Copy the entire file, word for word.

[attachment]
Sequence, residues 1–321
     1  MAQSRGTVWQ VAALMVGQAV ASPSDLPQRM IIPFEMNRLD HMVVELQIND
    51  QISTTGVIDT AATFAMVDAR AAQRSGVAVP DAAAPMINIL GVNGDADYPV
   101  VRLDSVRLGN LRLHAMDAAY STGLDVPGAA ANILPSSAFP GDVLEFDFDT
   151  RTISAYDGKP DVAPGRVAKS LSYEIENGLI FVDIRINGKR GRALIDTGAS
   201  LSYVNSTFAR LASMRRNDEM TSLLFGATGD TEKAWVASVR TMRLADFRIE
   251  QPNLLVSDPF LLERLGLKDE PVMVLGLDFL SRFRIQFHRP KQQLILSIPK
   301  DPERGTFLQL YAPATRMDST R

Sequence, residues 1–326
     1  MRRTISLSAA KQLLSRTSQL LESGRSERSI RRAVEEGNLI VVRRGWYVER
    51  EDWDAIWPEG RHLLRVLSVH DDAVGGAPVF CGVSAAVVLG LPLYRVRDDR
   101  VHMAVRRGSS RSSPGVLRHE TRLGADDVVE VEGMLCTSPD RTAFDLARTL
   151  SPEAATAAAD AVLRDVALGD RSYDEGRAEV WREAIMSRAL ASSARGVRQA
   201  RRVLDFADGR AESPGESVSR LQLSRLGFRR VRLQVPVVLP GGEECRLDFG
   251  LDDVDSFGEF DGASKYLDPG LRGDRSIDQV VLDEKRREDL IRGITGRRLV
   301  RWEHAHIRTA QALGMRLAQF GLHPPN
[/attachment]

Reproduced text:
Sequence, residues 1–321
     1  MAQSRGTVWQ VAALMVGQAV ASPSDLPQRM IIPFEMNRLD HMVVELQIND
    51  QISTTGVIDT AATFAMVDAR AAQRSGVAVP DAAAPMINIL GVNGDADYPV
   101  VRLDSVRLGN LRLHAMDAAY STGLDVPGAA ANILPSSAFP GDVLEFDFDT
   151  RTISAYDGKP DVAPGRVAKS LSYEIENGLI FVDIRINGKR GRALIDTGAS
   201  LSYVNSTFAR LASMRRNDEM TSLLFGATGD TEKAWVASVR TMRLADFRIE
   251  QPNLLVSDPF LLERLGLKDE PVMVLGLDFL SRFRIQFHRP KQQLILSIPK
   301  DPERGTFLQL YAPATRMDST R

Sequence, residues 1–326
     1  MRRTISLSAA KQLLSRTSQL LESGRSERSI RRAVEEGNLI VVRRGWYVER
    51  EDWDAIWPEG RHLLRVLSVH DDAVGGAPVF CGVSAAVVLG LPLYRVRDDR
   101  VHMAVRRGSS RSSPGVLRHE TRLGADDVVE VEGMLCTSPD RTAFDLARTL
   151  SPEAATAAAD AVLRDVALGD RSYDEGRAEV WREAIMSRAL ASSARGVRQA
   201  RRVLDFADGR AESPGESVSR LQLSRLGFRR VRLQVPVVLP GGEECRLDFG
   251  LDDVDSFGEF DGASKYLDPG LRGDRSIDQV VLDEKRREDL IRGITGRRLV
   301  RWEHAHIRTA QALGMRLAQF GLHPPN